Carbon in Alaska’s North Slope spends about 13 percent less time locked in frozen soil than it did 40 years ago
Arctic stores a substantial amount of carbon dioxide in its permafrost soil. Warming temperatures are exposing this frozen soil carbon to microbial decomposition which in turn increase carbon dioxide release in the atmosphere. Now, researchers have found that this vast reservoir of carbon stored in Arctic is entering atmopshere at an increasing rate, possibly due to the region’s rapid warming.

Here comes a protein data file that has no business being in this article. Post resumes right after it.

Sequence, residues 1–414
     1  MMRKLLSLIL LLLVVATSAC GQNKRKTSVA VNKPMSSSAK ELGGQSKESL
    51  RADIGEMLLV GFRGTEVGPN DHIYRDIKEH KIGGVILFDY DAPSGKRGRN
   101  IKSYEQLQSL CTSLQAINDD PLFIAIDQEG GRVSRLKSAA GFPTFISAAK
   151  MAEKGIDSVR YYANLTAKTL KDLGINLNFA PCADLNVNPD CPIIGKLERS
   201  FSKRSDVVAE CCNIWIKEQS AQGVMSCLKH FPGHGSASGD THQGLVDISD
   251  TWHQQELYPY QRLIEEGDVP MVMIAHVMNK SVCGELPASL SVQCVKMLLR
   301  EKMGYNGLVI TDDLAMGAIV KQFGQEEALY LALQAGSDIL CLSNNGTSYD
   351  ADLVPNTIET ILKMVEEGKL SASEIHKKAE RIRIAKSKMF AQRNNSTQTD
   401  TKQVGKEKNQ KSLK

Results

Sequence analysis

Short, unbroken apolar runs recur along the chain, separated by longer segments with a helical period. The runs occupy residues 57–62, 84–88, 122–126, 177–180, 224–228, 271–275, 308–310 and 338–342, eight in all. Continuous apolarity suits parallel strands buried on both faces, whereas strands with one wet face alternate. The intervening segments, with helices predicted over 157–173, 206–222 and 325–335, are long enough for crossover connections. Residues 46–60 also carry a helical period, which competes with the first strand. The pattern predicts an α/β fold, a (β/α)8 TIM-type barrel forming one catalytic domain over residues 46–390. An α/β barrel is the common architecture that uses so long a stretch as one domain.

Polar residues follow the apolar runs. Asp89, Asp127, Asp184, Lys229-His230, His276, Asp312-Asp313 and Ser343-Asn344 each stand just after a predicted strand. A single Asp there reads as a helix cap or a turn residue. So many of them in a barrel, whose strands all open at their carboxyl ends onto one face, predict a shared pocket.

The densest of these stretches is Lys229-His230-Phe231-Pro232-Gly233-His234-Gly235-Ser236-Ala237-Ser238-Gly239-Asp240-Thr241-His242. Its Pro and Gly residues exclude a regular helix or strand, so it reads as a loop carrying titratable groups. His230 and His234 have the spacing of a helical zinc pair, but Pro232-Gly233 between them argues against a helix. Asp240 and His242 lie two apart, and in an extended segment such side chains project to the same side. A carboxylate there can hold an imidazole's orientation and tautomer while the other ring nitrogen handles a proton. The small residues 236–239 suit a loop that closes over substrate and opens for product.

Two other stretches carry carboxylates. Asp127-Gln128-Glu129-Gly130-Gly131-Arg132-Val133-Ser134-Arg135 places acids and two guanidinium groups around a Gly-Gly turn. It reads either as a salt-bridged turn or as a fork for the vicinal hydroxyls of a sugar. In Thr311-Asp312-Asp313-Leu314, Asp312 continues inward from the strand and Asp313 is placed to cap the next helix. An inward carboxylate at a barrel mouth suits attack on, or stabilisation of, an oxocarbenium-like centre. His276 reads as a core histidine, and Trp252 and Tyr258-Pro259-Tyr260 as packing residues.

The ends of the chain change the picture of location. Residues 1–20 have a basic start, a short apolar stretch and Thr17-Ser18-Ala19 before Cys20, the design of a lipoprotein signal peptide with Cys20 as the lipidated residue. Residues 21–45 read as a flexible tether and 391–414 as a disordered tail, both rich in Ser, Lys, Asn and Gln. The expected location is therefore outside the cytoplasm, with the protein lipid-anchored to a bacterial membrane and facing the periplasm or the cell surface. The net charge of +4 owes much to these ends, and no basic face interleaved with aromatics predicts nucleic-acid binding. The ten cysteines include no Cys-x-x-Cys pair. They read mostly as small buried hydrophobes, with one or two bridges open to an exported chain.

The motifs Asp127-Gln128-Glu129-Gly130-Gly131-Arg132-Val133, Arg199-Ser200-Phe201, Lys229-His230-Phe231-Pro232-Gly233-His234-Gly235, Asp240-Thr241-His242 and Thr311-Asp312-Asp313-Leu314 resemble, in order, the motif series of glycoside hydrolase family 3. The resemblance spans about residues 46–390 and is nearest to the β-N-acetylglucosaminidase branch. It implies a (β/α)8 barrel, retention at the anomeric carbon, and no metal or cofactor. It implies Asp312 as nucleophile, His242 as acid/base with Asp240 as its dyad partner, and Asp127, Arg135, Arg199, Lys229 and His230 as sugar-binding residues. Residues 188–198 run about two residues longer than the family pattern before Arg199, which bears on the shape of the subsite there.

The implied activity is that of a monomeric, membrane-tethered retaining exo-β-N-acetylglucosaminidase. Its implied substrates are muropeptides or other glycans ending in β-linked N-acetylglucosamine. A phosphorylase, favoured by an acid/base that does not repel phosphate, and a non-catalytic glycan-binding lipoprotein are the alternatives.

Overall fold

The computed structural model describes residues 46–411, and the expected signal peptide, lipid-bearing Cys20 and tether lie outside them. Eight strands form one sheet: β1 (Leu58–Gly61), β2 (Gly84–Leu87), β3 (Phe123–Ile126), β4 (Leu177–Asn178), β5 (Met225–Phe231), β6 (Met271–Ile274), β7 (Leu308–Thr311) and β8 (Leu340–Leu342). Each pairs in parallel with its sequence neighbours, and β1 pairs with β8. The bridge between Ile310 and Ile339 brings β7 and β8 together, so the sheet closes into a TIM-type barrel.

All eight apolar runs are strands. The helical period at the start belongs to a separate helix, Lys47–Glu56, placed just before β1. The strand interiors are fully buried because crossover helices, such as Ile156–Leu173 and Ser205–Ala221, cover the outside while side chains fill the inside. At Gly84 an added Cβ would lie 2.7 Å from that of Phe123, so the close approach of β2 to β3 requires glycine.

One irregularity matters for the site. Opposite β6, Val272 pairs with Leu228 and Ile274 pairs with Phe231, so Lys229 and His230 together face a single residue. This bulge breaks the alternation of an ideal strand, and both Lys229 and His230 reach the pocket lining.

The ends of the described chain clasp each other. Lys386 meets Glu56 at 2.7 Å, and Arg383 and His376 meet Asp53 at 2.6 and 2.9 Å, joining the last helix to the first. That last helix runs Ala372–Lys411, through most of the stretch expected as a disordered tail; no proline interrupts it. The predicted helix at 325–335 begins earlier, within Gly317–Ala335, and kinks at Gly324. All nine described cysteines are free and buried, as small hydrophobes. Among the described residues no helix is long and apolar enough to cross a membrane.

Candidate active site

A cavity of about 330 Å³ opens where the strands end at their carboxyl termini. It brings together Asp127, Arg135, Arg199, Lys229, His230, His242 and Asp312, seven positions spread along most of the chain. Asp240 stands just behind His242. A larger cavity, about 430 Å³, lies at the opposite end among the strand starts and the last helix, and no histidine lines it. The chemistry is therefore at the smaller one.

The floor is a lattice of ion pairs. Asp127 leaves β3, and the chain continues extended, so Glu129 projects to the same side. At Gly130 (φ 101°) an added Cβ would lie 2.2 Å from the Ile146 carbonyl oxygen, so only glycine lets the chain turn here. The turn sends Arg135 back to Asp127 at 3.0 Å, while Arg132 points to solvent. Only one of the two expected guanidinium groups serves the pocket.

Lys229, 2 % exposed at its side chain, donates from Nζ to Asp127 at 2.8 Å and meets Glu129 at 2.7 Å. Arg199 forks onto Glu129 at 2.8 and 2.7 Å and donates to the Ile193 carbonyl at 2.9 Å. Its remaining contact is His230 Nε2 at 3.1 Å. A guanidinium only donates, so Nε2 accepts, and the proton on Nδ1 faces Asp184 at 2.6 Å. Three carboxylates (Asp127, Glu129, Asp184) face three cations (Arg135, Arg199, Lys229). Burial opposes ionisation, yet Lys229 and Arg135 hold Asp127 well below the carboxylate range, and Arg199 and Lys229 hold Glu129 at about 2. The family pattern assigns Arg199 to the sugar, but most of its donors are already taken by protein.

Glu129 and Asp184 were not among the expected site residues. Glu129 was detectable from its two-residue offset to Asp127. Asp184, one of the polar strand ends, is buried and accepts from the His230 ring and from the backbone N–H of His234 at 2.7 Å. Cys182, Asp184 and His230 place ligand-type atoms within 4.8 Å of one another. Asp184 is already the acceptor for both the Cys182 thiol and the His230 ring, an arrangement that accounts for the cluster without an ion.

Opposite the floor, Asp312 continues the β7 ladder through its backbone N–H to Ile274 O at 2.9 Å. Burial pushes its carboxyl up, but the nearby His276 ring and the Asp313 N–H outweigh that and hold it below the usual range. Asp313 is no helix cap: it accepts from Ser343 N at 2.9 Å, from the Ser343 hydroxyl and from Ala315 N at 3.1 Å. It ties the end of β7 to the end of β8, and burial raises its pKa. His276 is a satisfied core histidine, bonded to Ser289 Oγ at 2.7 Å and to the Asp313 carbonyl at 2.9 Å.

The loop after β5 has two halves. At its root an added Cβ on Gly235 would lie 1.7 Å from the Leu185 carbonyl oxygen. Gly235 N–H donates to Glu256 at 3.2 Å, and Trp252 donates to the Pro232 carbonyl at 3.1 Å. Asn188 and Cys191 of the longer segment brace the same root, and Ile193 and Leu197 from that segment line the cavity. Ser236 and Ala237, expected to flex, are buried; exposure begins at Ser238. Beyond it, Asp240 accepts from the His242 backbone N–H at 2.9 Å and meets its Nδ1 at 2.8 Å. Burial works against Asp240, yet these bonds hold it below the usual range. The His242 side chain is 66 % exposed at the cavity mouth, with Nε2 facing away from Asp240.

Study of Alaska’s North Slope tundra ecosystems shows that the carbon there spends about 13 percent less time locked in frozen soil than it did 40 years ago. It means that carbon cycle in this region is speeding up and releasing carbon at a pace more associated with a North American boreal forest.